Sues Sheriff Instead of Protecting Trafficking Victims

Now, more than ever, it is necessary to support companies that are making the right choice to reject contributing to sexual exploitation.

That is the choice that several major credit card companies – American Express, MasterCard, and Visa – have made, by cutting ties with over their “adult” services page.

Backpage is well known for hosting hundreds of online ads for prostituted women, many of which law enforcement have found to be victims of sex trafficking. Backpage has unrepentantly profited from exploitation and trafficking on its website. This is why the National Center on Sexual Exploitation has placed it on the annual Dirty Dozen List, which names the top twelve companies contributing to sexual exploitation in America.

Now that several credit cards have abandoned it, Backpage is fighting back.

Tuesday, filed a lawsuit against the Cook County Sheriff, Tom Dart, for his simple request to major credit card companies that they not allow prostitution ads to be purchased on the website using their cards. It was after this request that MasterCard and Visa severed ties with Backpage.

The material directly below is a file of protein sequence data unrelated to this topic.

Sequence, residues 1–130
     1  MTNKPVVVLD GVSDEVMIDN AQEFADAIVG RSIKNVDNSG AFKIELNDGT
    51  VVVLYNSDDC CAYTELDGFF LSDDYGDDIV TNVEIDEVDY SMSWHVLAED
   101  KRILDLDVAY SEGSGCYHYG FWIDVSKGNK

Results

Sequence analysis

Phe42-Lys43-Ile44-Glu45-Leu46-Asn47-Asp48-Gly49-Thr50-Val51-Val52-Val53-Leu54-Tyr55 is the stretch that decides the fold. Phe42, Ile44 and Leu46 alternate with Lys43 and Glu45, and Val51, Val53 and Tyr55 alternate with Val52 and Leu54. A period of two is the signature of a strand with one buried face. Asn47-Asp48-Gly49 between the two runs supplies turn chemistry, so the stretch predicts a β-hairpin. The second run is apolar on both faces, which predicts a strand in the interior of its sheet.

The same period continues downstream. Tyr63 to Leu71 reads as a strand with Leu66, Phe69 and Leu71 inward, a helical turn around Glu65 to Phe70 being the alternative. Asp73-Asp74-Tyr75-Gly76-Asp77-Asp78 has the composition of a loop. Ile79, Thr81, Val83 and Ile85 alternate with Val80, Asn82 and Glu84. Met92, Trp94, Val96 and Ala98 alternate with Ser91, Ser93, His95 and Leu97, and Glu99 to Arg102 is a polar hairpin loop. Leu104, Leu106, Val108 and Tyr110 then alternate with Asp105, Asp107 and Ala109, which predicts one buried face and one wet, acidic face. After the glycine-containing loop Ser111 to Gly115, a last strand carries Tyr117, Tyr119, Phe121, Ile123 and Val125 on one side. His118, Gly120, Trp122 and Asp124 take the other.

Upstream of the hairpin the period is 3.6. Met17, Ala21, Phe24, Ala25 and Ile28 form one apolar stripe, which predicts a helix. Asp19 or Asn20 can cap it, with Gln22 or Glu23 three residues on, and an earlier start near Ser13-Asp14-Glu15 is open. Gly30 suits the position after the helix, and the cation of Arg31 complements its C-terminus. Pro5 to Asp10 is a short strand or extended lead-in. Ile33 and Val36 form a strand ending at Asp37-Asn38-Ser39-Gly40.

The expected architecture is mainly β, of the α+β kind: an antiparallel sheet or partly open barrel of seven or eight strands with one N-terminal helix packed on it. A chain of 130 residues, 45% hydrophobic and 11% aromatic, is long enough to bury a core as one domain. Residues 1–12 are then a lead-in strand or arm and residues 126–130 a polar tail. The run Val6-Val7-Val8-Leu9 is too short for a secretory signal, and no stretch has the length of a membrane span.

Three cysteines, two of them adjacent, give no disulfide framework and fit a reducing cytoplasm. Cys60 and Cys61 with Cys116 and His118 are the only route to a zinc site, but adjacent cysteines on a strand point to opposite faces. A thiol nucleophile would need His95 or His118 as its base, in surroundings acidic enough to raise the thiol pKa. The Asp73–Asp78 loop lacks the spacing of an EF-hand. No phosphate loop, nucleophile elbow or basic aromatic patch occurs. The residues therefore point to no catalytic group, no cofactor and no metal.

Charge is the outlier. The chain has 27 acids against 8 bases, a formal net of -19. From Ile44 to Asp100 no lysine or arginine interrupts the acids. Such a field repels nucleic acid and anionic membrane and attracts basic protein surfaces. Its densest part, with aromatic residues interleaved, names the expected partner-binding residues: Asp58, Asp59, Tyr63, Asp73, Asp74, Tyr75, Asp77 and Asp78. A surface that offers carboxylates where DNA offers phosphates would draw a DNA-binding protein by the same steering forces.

“Rather than reevaluating the practices that make major credit card companies uncomfortable doing business with them, Backpage continues to prioritize their own profits over the safety of the men, women, and sometimes children, whose sale they facilitate online,” says Dawn Hawkins, Executive Director at NCSE.

As Backpage begins to attack those who are taking a stand against it, it’s vitally important that public support is shown to be on the side of those opposing sexual exploitation. 

Now is the time to tell to change their business model of exploitation.

The Numbers


NCOSE leads the Coalition to End Sexual Exploitation with over 300 member organizations.


The National Center on Sexual Exploitation has had over 100 policy victories since 2010. Each victory promotes human dignity above exploitation.


NCOSE’s activism campaigns and victories have made headlines around the globe. Averaging 93 mentions per week by media outlets and shows such as Today, CNN, The New York Times, BBC News, USA Today, Fox News and more.



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